All the models were implemented in MATLAB R2009a. For MERR_SVD++, the value of the regularization parameter was selected from range and optimal parameter value was used. And the learning rate was selected from set , , and the optimal parameter value was also used. In order to compare their performances fairly, for all matrix factorization models we set the number of features to be 10. The optimal values of all parameters for all the baseline models used are determined individually. More detailed setting methods of the parameters for all the baselines can be found in the corresponding references. For all the algorithms used in our experiments, we repeated the experiment 5 times for each of the different conditions of each dataset, and the performances reported were averaged across 5 runs.
5.4. Experiment Results
In this section we present a series of experiments to evaluate MERR_SVD++. We designed the experiments in order to address the following research questions:(1)Does the proposed MERR_SVD++ outperform stateoftheart personalized ranking approaches for topN recommendation?(2)Does the performance of MERR_SVD++ improve when we only increase the number of implicit feedback data for each user?(3)Is MERR_SVD++ scalable for large scale use cases?
5.4.1. Performance Comparison
We compare the performance of MERR_SVD++ with that of five baseline algorithms. The approaches we compare with are listed below:(i)CoRating [17]: a stateoftheart CF model that can be trained from explicit and implicit feedback simultaneously.(ii)SVD++ [16]: the first proposed CF model that combines explicit and implicit feedback.(iii)xCLiMF [18]: a stateoftheart PR approach which aims at directly optimizing ERR, for topN recommendation in domains with explicit feedback data (e.g., ratings).(iv)CofiRank [29]: a PR approach that optimizes the NDCG measure [28] for domains with explicit feedback data (e.g., ratings). The implementation is based on the publicly available software package from the authors.(v)CLiMF [14]: a stateoftheart PR approach that optimizes the Mean Reciprocal Rank (MRR) measure [31] for domains with implicit feedback data (e.g., click, follow). We use the explicit feedback datasets by binarizing the rating values with a threshold. On the ML1m dataset and the extracted Netflix dataset, we take ratings 4 and 5 (the highest two relevance levels), respectively, as the relevance threshold for topN recommendation.
The results of the experiments on the ML1m and the extracted Netflix datasets are shown in Figure 4. Rows denote the varieties of “Given” conditions for the training sets based on the ML1m and the extracted Netflix datasets and columns denote the quality of NDCG and ERR. Figure 4 shows that MERR_SVD++ outperforms the baseline approaches in terms of both ERR and NDCG in all of the cases. The results show that the improvement of ERR aligns consistently with the improvement of NDCG, indicating that optimizing ERR would not degrade the utility of recommendations that are captured by the NDCG measure. It can be seen that the relative performance of MERR_SVD++ improves as the number of observed ratings from the users increases. This result indicates that MERR_SVD++ can learn better topN recommendation models if more observations of the graded relevance data from users can be used. The results also reveal that it is difficult to model user preferences encoded in multiple levels of relevance with limited observations, in particular, when the number of observations is lower than the number of relevance levels.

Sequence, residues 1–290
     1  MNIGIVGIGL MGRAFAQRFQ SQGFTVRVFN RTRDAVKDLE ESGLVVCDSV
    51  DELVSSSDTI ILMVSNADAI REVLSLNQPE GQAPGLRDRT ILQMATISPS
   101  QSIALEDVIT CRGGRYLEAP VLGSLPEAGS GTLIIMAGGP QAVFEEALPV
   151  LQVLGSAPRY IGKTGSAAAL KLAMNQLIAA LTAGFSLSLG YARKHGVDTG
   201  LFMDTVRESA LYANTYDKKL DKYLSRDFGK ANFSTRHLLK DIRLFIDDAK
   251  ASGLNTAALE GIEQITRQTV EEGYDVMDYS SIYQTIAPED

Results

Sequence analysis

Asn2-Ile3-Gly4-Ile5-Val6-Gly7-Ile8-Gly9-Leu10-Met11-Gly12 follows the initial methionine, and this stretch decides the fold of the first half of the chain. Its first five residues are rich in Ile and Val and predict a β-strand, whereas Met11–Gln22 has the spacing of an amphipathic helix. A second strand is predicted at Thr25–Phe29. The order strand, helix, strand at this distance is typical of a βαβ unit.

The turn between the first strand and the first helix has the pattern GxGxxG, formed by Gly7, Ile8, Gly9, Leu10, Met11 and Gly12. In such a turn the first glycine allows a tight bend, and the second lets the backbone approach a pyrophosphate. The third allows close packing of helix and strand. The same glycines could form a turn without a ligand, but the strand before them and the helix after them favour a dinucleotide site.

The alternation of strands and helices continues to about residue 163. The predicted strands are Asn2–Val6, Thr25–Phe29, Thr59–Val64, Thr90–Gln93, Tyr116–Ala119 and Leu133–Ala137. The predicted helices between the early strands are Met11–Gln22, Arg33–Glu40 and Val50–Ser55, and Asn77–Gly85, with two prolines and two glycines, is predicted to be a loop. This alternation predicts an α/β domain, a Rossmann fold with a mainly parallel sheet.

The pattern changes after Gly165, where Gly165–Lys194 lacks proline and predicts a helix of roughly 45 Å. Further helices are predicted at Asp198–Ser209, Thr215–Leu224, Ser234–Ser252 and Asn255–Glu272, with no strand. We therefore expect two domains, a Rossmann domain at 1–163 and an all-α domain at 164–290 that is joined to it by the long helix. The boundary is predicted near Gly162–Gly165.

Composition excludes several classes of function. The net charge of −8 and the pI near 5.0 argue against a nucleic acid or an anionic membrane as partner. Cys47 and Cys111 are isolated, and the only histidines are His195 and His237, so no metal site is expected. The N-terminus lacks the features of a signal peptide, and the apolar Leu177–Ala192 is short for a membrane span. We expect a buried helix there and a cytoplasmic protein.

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Compared to CoRating, which is based on rating prediction, MERR_SVD++ is based on ranking prediction and succeeds in enhancing the topranked performance by optimizing ERR. As reported in [17], the performance of SVD++ is slightly weaker than that of CoRating, which is because SVD++ model only attempts to approximate the observed ratings and does not model preferences expressed in implicit feedback. The results also show that CoRating and SVD++ significantly outperform xCLiMF and CofiRank, which confirms our belief that implicit feedback could indeed complement explicit feedback. It can be seen in Figure 4 that xCLiMF significantly outperforms CLiMF in terms of both ERR and NDCG, across all the settings of relevance thresholds and datasets. The results indicate that the information loss from binarizing multilevel relevance data would inevitably make recommendation models based on binary relevance data, such as CLiMF, suboptimal for the use cases with explicit feedback data.
Hence, we give a positive answer to our first research question.
5.4.2. The Influence of Implicit Feedback on the Performance of MERR_SVD++
The influence of implicit feedback on the performance of MERR_SVD++ can be found in Figure 5. Here, . denotes the set of all items that user only gave implicit feedback. Rows denote the increased numbers of implicit feedback for each user and columns denote the quality of ERR and NDCG. In our experiment, the increased numbers of implicit feedback for each user are the same. We use the extracted Netflix dataset under the condition of “Given 10.” Figure 5 shows that the quality of ERR and NDCG of MERR_SVD++ synchronously and linearly improves with the increase of implicit feedback for each user, which confirms our belief that implicit feedback could indeed complement explicit feedback.